Clinical Trials (cont.)
Melissa Conrad Stöppler, MD
Melissa Conrad Stöppler, MD, is a U.S. board-certified Anatomic Pathologist with subspecialty training in the fields of Experimental and Molecular Pathology. Dr. Stöppler's educational background includes a BA with Highest Distinction from the University of Virginia and an MD from the University of North Carolina. She completed residency training in Anatomic Pathology at Georgetown University followed by subspecialty fellowship training in molecular diagnostics and experimental pathology.
William C. Shiel Jr., MD, FACP, FACR
Dr. Shiel received a Bachelor of Science degree with honors from the University of Notre Dame. There he was involved in research in radiation biology and received the Huisking Scholarship. After graduating from St. Louis University School of Medicine, he completed his Internal Medicine residency and Rheumatology fellowship at the University of California, Irvine. He is board-certified in Internal Medicine and Rheumatology.
In this Article
- Clinical research and clinical trials facts
- What is clinical research?
- Why is clinical research important?
- What are clinical trials?
- What are the phases of a clinical trial?
- How can one find out what clinical trials are currently being conducted?
- How is a clinical trial performed, and what sort of preparation is needed?
- What is informed consent?
- Is patient privacy maintained in a clinical trial?
- Who can participate in a clinical trial?
- Are people paid for participating in clinical trials?
- What are the pros and cons of participating in a clinical trial?
- Can a person leave a clinical trial once it has started?
- Who sponsors clinical trials?
- What happens after a clinical trial is completed? Is there follow-up care?
What are the phases of a clinical trial?
Clinical trials are broken down into phases, with each phase having a different purpose within the trial. Phase I trials involve a small group of people (20-80) and are concerned with determining a safe dose of the drug being studied as well as its potential side effects. In Phase II, the treatment or drug is tested in more people (100-300) for further evaluation - this time, determining the time of the drug or treatment's effectiveness against the disease for which the patient is being treated. Even more people (1,000-3,000) are participants in Phase III of a trial, when the intervention is compared to standard treatments and further information is collected about safety and side effects. In Phase IV trials, conducted after a treatment has been approved for specific indicated conditions by the FDA, post-marketing studies are carried out to collect more information about the optimal use of the drug or treatment and to further evaluate its side effects.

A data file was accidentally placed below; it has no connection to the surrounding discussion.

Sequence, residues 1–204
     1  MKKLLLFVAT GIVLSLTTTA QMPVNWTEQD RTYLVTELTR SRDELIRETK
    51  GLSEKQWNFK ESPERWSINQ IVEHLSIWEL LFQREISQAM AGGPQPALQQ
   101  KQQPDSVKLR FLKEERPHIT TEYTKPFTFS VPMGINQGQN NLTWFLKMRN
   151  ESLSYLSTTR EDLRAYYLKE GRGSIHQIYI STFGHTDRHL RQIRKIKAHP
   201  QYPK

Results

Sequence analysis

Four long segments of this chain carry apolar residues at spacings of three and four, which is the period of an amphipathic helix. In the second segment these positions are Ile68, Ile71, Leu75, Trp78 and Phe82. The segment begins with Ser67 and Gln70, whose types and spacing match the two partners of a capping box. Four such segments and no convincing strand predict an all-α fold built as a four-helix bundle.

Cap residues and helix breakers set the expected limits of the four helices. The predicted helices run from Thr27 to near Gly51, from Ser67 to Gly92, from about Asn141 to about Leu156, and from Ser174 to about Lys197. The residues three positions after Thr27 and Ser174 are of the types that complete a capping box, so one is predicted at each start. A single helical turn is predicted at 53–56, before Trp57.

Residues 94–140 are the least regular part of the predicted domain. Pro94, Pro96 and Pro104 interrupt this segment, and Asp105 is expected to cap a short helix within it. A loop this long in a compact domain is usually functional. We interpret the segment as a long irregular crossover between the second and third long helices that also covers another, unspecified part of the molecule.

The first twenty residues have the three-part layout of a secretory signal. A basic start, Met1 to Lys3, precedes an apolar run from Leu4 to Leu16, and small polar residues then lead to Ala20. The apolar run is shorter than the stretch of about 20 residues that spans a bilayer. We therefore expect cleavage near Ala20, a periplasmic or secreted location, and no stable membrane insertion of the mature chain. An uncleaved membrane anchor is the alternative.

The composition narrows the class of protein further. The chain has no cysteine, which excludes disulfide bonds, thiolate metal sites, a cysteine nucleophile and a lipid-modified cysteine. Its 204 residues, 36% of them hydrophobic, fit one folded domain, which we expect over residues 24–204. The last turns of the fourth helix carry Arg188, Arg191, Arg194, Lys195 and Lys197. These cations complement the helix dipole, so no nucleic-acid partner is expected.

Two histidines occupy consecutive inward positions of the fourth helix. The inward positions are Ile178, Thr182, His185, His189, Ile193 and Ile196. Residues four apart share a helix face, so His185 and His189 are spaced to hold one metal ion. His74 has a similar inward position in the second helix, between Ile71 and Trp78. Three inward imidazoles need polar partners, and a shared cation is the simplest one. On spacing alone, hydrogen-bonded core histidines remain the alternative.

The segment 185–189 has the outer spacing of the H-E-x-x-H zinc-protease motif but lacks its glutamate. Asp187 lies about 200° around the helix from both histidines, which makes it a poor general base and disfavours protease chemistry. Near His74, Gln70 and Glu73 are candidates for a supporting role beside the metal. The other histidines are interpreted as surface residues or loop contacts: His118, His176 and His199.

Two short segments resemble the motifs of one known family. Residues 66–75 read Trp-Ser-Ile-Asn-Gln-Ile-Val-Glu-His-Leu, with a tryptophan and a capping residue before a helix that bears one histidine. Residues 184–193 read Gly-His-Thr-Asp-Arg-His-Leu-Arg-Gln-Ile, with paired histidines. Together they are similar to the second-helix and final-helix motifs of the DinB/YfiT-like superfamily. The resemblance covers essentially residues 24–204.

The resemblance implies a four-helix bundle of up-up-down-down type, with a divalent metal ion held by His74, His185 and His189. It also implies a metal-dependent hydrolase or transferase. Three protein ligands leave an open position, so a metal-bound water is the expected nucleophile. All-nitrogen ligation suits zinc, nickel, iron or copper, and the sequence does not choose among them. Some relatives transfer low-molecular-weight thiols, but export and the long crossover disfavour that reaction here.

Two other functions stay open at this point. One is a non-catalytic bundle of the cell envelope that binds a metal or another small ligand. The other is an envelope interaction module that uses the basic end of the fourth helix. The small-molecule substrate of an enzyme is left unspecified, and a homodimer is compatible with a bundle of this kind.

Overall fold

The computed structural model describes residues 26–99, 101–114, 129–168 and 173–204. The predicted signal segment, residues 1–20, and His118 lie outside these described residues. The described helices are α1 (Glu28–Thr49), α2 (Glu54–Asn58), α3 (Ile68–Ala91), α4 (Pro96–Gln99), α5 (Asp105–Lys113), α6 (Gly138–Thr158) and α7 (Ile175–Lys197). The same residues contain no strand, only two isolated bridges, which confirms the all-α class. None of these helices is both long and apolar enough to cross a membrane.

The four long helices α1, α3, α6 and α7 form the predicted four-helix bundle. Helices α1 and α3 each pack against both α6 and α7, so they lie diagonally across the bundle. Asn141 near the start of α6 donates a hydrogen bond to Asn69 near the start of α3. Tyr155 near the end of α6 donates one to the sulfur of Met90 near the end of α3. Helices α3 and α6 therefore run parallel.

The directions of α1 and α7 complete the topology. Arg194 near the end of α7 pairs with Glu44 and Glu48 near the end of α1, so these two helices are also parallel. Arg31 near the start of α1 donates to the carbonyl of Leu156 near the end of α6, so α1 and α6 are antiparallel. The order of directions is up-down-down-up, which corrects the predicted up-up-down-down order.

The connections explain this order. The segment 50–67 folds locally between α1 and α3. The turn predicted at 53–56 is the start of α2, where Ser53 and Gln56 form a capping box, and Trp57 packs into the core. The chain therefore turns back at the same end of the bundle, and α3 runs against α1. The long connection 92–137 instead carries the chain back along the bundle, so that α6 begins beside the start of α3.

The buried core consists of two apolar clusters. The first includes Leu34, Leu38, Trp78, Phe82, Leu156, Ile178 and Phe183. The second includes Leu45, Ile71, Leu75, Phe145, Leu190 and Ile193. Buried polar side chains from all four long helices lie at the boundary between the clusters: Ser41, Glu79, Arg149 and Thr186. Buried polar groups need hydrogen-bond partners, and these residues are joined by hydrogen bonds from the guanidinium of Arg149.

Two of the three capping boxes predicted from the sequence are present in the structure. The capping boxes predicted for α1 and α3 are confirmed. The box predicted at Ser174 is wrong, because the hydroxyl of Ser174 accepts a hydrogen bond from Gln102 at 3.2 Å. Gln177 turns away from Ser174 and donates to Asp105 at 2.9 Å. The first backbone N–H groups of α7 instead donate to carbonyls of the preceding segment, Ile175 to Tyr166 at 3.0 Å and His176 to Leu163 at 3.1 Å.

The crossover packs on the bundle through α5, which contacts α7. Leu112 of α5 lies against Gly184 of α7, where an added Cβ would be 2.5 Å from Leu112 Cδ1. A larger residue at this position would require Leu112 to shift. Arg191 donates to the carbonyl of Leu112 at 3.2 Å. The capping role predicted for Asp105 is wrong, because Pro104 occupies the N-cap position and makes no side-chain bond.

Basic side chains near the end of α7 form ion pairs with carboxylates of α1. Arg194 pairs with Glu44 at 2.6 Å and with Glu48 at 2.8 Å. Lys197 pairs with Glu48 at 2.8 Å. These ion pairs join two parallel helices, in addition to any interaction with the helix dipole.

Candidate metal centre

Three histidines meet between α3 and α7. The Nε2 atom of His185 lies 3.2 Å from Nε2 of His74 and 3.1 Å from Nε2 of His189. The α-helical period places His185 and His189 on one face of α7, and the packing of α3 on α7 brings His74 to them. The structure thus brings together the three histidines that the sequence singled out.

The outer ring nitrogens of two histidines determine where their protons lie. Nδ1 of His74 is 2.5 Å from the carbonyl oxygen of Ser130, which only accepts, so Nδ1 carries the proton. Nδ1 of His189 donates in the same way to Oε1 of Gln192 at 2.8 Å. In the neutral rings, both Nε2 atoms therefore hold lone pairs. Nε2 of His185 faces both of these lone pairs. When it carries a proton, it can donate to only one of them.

Clinical trials may be carried out in different locations, including hospitals, clinics, individual physician practices, university health centers, or community health centers.
How can one find out what clinical trials are currently being conducted?
The web site http://clinicaltrials.gov is a searchable database of federally and privately funded clinical trials being conducted in the U.S. and around the world. Your doctor or health-care team may also offer information about clinical trials that are currently under way for your specific condition.
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